Vogue has employed some of the most famous photographers from around the world for the last 100 years. So when a member of Vogue Spain’s social media team decided to lift photos from the Instagram account of a well-known photographer, Twitter users were shocked.
Two tweets from New York based-photographer Sion Fullana show how Vogue Spain’s Instagram posted two of his photos on the magazine’s own account without any sort of citation. Fullana explained how he discovered Vogue’s misdeed in an interview with the Daily Dot.
“For the last weeks I had been on a hiatus from Instagram, and I had decided to turn my account to private, just so I can monitor who follows me. So I just go once a day and check those messages. I think that I was looking at the profile of someone that was adding me, to see who else were they following, and I discovered for the first time there was a Vogue Spain account. So I was curious in a positive way and checked their profile. I realized they only followed 21 people, including myself and my husband Anton.
As I looked through their images, I saw the photo of the dog, which looked so familiar. At first I thought it was Anton's (because we were together that day and we both photographed our own version of that scene), but then I dug in my own feed and realized it was my own image. Moments later, I also discovered the other image, of the mannequins, and my reaction was even stronger upon reading the caption, which stated it was taken in Paris, when I had shot this at the High Line in New York.”
Vogue has since apologized for the incident on its Instagram account.
Stealing photos online has become the norm on places like Tumblr, Canvas, and Reddit, where users regularly feud over original content. Last October, for example, CollegeHumor was accused of stealing original photos from Reddit after one photographer saw his work appear on the entertainment website.
Vogue called Fullana on Monday morning to review the incident. Afterward he discussed Vogue’s apology and how he plans on protecting his work from now on with the Daily Dot.
Daily Dot: Looking back now, what do you make of the whole incident? Has this become a growing problem for you or your colleagues?
“I think it reflects a growing problem in the communication/journalistic industry where people tend to take the work of others for granted. Many media outlets have become so badly accustomed to people giving away their photos or videos for free, many times without even crediting the author, that some people think they can take whatever whenever without permission, credit or compensation and that it will be fine. I am well aware that if you post an image to the internet you run the risk of having it ‘lifted,’ but one thing is having an amateur blog post a photo of yours, and another one very different to have a big name company or media do a commercial use of your work, or to grow their own brand. It's something that happens all the time nowadays, and I always advise people to fight this bad practices, by either reporting abuses and seek compensation or by refusing to give away free work unless the compensation in exposure or networking opportunities will make up for it. Any media supported by advertising can afford to pay image usage rights, however minimum. So let's stop the excuses and break the cycle."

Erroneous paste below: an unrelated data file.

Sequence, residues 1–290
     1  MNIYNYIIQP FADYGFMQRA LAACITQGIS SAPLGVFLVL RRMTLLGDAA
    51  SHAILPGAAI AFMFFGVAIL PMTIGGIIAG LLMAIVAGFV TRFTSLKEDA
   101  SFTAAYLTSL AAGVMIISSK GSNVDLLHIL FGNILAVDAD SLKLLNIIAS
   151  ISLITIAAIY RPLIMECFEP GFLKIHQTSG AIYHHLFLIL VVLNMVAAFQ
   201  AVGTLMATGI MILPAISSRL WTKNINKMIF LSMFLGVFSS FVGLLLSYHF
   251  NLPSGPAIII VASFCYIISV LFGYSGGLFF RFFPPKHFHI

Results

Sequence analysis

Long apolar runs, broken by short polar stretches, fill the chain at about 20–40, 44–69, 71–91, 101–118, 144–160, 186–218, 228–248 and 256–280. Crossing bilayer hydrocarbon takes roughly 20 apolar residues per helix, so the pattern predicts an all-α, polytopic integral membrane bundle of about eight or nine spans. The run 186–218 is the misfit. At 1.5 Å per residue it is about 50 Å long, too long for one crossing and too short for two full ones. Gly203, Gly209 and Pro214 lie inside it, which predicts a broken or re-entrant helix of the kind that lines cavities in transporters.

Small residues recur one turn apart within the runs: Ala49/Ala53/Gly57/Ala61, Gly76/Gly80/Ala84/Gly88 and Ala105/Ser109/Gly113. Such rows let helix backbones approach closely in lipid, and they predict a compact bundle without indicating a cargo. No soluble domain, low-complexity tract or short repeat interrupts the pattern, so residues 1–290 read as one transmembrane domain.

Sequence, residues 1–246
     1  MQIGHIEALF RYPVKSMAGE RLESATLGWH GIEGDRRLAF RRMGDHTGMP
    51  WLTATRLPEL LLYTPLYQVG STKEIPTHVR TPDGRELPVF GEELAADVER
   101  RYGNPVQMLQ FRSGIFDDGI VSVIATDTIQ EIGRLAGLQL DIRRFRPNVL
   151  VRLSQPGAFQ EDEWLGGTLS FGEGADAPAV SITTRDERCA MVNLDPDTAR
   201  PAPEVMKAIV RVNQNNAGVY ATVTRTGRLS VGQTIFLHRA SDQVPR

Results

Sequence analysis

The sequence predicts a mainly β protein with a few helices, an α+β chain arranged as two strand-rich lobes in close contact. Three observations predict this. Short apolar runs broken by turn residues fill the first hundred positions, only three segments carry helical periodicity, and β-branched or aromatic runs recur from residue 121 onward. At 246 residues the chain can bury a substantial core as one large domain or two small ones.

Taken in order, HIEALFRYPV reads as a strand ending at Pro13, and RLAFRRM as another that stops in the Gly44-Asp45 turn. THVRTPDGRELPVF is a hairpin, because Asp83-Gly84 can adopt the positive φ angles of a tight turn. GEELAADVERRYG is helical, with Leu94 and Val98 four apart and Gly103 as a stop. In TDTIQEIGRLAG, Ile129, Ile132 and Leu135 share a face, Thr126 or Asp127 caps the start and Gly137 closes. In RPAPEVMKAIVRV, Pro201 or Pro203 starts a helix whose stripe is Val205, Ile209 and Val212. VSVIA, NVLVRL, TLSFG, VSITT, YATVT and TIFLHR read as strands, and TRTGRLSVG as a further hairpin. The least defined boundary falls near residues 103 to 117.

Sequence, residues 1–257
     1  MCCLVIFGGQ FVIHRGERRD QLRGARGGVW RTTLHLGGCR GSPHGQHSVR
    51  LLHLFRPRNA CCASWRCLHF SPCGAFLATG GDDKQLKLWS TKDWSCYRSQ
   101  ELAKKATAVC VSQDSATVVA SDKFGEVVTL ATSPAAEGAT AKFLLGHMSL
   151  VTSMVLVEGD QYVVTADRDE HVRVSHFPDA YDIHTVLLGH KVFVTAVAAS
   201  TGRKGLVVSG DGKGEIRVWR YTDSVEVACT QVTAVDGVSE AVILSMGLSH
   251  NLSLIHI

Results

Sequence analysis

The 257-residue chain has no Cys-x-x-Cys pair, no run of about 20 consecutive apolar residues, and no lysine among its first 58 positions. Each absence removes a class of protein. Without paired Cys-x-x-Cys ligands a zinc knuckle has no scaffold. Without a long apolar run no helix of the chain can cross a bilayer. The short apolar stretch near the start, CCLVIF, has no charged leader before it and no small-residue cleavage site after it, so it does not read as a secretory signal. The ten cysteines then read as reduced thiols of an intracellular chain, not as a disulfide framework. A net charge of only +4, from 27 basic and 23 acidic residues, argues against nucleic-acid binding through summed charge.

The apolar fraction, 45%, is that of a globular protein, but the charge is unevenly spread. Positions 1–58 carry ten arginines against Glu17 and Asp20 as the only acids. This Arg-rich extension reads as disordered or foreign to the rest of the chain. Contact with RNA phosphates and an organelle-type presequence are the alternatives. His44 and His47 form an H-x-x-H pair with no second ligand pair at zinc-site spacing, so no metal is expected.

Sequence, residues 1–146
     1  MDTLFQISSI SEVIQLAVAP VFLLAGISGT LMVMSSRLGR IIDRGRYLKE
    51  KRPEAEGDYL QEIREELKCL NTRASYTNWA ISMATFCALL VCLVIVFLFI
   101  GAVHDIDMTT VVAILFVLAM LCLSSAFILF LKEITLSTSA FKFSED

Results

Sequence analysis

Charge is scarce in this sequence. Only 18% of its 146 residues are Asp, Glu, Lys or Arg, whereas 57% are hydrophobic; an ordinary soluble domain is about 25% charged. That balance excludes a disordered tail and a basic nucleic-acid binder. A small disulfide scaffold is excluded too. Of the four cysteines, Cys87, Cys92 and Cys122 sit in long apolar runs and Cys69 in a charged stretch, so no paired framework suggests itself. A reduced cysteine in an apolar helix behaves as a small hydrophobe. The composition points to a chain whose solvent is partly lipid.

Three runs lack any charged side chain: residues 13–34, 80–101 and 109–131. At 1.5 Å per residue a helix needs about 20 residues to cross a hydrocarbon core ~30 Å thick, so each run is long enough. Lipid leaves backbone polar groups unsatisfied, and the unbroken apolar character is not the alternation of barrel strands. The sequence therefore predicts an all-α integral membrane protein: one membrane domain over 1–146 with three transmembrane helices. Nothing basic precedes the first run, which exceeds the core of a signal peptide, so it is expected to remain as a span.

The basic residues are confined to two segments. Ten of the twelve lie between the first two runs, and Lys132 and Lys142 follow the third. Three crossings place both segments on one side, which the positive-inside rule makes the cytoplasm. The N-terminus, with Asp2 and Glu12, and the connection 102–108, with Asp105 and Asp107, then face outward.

DD: What do you think of Vogue’s apology?
“I am glad they took a tiny first step in the right direction. But I realize from the comments in that photo by people asking what happened that—as always in journalism—you need to contextualize so people can understand what happened. Saying ‘I made a mistake, I'm sorry’ if no one knows what the mistake was doesn't help to show others that it's a bad practice to use the work of others uncredited as your own.
“I had a phone conversation with a reporter at Vogue Spain today, and I explained that I believe their audience needs to hear where they acted wrong and be assured that mistake won't be repeated. It's also been mentioned as a possibility for compensation that they offer me a remunerated assignment to show some of my work on their site. That would be a perfect way to say "we turned something wrong into something positive" and I'm looking forward to hearing from them with their proposal.”
DD: How do you plan on protecting your work in the future?
“I normally hate having to watermark my images that I share online. So I'm not sure I may take the step, that I believe detracts from the enjoyment of a photograph when you show it. But this experience, when seeing how viral the story has got in only two days, shows you the true reach of social media to report a bad practice. So I believe it's positive that we police any abuses and share them to make sure companies understand it's just not OK to act this way.”
Photo via @SionFullana